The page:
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Project Run(a)way
As Singapore struts her way into the pages of international style books, will our local fashion designers be left behind? Asks Zaki Jufri

By Zaki Jufri | Jun 10, 2010

  • Project Run(a)way
  • Project Run(a)way
  • Project Run(a)way
  • Project Run(a)way
  • Project Run(a)way

Just a couple of months ago, Singapore played host to the inaugural Asia Fashion Exchange (AFX), and it was just how you would imagine: Bright runway lights, leggy sultry beauties, free-flowing bubbly, red carpet glamor, botoxed smiles and a multitude of glitzy after-parties. Costing a cool $2 million to stage, this multi-faceted fashion spectacle—a revamp of previous affairs—saw the who’s who of the local and international fashion set rubbing shoulders at satellite events across the city.

Not only is AFX quite unlike any previous Singapore fashion event, it is also the biggest, comprising a fashion design competition (Star Creation), trade show (Blueprint), fashion forum (Asia Fashion Summit) and main consumer fashion show (Audi Fashion Festival). While AFX is generally welcomed as a step in the right direction when it comes to establishing Singapore as a regional fashion hub, its success has been dampened by criticism from some local designers and fashion experts.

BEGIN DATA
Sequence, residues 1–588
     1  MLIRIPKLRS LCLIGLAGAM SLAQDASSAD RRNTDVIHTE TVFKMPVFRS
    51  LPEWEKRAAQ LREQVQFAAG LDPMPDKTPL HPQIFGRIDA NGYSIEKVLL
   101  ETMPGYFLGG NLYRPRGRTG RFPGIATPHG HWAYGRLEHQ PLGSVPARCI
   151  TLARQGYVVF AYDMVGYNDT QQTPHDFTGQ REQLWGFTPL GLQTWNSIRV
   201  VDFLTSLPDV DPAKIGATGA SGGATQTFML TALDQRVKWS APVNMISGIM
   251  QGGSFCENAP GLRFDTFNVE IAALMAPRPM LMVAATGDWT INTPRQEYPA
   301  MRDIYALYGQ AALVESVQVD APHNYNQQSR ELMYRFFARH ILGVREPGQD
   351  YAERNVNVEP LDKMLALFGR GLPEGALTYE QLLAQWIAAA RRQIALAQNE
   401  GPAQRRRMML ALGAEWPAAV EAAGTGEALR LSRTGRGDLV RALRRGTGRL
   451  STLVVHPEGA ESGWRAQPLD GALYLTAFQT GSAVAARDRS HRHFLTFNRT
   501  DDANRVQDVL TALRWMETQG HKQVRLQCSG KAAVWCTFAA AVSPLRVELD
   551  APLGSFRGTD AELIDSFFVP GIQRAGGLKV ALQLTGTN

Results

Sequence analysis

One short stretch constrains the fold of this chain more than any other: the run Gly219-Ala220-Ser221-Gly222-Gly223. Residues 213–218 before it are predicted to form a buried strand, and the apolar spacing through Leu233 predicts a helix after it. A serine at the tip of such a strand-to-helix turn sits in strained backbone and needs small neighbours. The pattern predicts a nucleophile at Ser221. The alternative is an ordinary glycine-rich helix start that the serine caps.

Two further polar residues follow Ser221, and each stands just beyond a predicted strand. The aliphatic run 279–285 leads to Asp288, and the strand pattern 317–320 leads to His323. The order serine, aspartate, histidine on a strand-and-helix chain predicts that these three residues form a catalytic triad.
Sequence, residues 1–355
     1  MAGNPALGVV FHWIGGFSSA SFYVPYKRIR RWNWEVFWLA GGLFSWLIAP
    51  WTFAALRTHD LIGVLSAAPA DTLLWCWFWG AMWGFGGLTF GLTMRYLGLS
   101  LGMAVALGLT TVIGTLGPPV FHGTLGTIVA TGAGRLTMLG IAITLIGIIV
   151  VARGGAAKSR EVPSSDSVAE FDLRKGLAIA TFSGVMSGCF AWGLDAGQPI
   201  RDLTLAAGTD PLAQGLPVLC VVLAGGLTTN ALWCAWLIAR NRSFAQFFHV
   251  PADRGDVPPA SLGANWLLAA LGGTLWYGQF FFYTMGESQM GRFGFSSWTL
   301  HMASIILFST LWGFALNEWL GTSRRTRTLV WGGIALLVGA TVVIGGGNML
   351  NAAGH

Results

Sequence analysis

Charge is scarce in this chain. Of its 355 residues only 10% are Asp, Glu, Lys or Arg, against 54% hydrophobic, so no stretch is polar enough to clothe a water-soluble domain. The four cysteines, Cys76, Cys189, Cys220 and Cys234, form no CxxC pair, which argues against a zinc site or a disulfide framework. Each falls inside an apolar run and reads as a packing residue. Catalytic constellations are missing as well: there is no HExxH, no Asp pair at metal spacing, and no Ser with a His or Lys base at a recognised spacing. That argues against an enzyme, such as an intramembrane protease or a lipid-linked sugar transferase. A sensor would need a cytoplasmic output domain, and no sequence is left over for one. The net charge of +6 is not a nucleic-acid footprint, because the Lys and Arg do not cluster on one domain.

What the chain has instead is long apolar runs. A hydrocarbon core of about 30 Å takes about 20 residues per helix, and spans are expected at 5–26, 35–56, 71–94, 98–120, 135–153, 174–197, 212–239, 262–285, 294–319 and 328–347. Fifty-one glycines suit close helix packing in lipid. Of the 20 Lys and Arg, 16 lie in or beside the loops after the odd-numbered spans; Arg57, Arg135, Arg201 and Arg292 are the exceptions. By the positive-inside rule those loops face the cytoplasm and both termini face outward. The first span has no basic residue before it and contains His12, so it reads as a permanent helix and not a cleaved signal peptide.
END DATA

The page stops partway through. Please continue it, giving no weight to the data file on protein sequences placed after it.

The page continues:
While the style-conscious public enjoyed the main fashion show (Audi Fashion Festival), the city’s fashion industry was looking to the trade show (Blueprint) for commercial opportunities. Sadly some local designers were disappointed with Blueprint which they say lacked prominence, had an offbeat location and seemed overshadowed by the Audi Fashion Festival. Despite being pegged as the backbone of the main fashion show, some felt it was a second-tier event to which the public were only invited on the last day.

But for others, the tradeshow opened doors into the global fashion industry—despite its lower profile. Alicia Ong from local fashion brand Al & Alicia says: “With Blueprint 2010 being our first trade show, we had the opportunity to meet lots of people in the media and press, other established designers as well as buyers and boutique owners, both local and international. It was awesome to be able to make a connection with all of them and to have international fashion editors attracted to our booth.”

Despite criticism, AFX organizer and director Tjin Lee expects Blueprint to grow into a prestigious and respected event. “Buyers that came to Singapore were from some of the world’s leading fashion boutiques and stores. In the long run, the trade event will be able to give our Singapore designers a much needed boost into the international marketplace,” she explains.

Other complaints concerned the domination by international brands at the Audi Fashion Festival which was staged at Tent@Orchard. While the runway was set ablaze by big names such as Canadian wonder twins Dean and Dan Caten of Dsquared2, Roberto Cavalli, Henry Holland and KTZ, local labels were noticeably missing. The only exceptions were local houses Raoul and Alldressedup who proudly flew the fashion flag for Singapore.

Singapore Fashion … Weak?